Splinting versus Stretching to improve hand function and reduce hand spasticity after stroke
Reference: Ahmad Khan, M., & Singh, P. (2018, February). Effect of Hand Splinting versus Stretching Exercises for Reducing Spasticity and Improving Hand Function in Poststroke Hemiplegia: A
Comparative Interventional Study. Retrieved December 4, 2022, from
The Skinny: A comparative study by Khan & Singh (2018) aimed to compare the two most
common approaches practiced by hand therapists in treating post-stroke patients. The objective
of this study was to determine the difference between the effects of splinting and stretching in
reducing hand spasticity and improving hand function in post-stroke hemiplegia.
A total of 30 post-stroke hemiplegic patients from age 35-65 were recruited who met the following
criteria: according to the Modified Ashworth Scale (MAS) patients having tone of the affected
upper extremity at wrist and fingers ≥2 and having score of ≥25 on MiniMental State
Examination. Consecutive sampling was done by putting all odd-number patients in the splinting
group and all even-number patients in the stretching group. Assessment tools and outcome
measures were B and C subscales of Fugl-Meyer Assessment of physical performance for upper
extremity and MAS. The patients of the splinting group were given a resting hand splint to wear
for 10–12 h continuously per day for six weeks. Stretching exercise using a prolonged slow
stretch technique was carried out on patients of the stretching group.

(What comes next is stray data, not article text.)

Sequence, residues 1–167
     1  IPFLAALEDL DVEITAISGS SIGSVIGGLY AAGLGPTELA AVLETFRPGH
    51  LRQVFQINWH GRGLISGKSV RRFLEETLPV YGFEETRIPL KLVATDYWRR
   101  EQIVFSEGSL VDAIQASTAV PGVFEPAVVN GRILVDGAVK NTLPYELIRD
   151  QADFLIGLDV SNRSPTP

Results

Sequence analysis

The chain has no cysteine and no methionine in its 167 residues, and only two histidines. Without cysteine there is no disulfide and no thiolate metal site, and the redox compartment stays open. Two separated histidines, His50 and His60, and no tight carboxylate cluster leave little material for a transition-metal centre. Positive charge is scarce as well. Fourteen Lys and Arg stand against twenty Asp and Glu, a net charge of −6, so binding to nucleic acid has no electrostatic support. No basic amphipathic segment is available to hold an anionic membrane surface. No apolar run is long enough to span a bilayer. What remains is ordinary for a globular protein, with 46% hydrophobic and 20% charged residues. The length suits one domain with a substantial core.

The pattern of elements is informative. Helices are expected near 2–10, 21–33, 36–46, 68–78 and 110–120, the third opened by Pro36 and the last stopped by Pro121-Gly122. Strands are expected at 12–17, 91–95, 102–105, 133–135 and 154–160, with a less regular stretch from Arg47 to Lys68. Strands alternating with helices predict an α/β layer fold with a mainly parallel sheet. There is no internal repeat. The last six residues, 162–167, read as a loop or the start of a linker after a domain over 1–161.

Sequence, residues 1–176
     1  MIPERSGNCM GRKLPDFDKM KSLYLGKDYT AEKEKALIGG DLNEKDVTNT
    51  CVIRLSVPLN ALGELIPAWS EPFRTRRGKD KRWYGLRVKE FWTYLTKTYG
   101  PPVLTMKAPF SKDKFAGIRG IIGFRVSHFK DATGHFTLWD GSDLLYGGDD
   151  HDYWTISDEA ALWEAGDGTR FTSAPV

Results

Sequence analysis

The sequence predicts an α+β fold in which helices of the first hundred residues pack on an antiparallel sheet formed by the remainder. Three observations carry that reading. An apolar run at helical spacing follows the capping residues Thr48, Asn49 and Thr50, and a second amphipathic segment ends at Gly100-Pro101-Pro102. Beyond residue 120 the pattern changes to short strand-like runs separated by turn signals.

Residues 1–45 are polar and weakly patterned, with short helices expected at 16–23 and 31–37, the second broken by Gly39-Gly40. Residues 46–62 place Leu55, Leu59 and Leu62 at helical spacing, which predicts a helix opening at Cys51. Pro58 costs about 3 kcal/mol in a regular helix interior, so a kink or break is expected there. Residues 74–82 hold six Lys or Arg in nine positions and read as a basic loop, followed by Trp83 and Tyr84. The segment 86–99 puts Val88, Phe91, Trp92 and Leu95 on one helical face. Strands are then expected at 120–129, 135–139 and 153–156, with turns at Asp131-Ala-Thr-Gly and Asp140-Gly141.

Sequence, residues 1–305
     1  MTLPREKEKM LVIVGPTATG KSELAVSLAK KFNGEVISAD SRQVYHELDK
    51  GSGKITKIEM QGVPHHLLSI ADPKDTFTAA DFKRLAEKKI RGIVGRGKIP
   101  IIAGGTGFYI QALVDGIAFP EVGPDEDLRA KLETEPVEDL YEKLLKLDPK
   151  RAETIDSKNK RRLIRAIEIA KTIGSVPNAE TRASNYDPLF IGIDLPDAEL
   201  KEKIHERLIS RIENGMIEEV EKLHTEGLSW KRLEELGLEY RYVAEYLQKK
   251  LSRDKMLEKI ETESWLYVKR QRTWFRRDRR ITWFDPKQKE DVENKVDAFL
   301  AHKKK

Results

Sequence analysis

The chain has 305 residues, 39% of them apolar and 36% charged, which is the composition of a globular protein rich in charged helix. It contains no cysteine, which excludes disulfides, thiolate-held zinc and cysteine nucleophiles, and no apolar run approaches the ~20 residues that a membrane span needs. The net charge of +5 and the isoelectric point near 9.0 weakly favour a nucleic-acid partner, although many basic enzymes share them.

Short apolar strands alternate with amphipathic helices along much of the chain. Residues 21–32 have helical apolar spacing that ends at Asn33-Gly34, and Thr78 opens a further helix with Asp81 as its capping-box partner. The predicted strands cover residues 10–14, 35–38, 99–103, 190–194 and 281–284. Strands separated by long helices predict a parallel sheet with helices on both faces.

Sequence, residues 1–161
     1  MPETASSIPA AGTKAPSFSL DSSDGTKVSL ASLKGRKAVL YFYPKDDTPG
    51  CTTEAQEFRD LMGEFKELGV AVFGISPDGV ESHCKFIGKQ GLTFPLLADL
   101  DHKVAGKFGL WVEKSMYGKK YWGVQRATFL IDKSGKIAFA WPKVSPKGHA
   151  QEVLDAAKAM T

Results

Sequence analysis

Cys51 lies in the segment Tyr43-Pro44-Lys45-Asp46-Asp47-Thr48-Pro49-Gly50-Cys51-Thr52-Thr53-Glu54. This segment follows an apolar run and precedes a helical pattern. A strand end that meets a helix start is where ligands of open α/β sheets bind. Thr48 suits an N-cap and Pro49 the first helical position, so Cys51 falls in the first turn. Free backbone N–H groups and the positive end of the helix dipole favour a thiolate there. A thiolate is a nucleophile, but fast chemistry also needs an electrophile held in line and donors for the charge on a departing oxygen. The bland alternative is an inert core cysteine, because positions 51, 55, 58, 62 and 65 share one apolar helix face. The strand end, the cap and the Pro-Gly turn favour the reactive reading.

In the Weeds: The inclusion criteria comprised of post-stroke hemiplegic adults, either right or
left hemiplegia, having high tone of the upper extremity at the wrist and fingers >2 according to
the Modified Ashworth Scale (MAS). Participants were excluded who had the presence of cognitive
and perceptual impairments, any cutaneous or joint pathology or contracture, and use any antiseptic
medications or hand splint before enrollment in the study. 15 participants in splinting groups
were given fabricated resting wrist-hand splints with maintaining all digits in extension at
metacarpophalangeal joints based on Bobath’s reflex inhibitory pattern. The splint was worn by
the participants for 10-12 hours intermittently every day for 6 weeks with expert supervision.
Passive Static stretching as per Bobath’s reflex inhibitory pattern was carried out for patients in
the stretching group 3–4 times a day and 5–6 days in a week for 6 weeks. During therapy, the wrist
joint was moved through the full range of motion by slow, sustained stretch to avoid the quick stretch
reflex. The hand was held in full extension as much as possible for 60 seconds with five repetitions. MAS, B and C subscales of Fugl-Meyer assessment were used. Changes in outcome
measures were done by using Wilcoxon signed-rank test.
Bringing it Home: Wilcoxon signed the rank test for MAS for wrist and finger flexors and FMA-UE scores of splinting and stretching show significant improvement in both groups. While Mann-Whitney U-test for MAS of wrist and finger flexors and FMA-UE show no statistically significant difference of
improvement in both groups
Rating: This study receives a 3/5 rating. The small sample size and short treatment time are the
shortcomings of the study. However, the results show a significant reduction in spasticity and
improved hand function in participants for both groups. Although the difference was statistically
not significant, the splinting group patients did clinically better than the stretching group.
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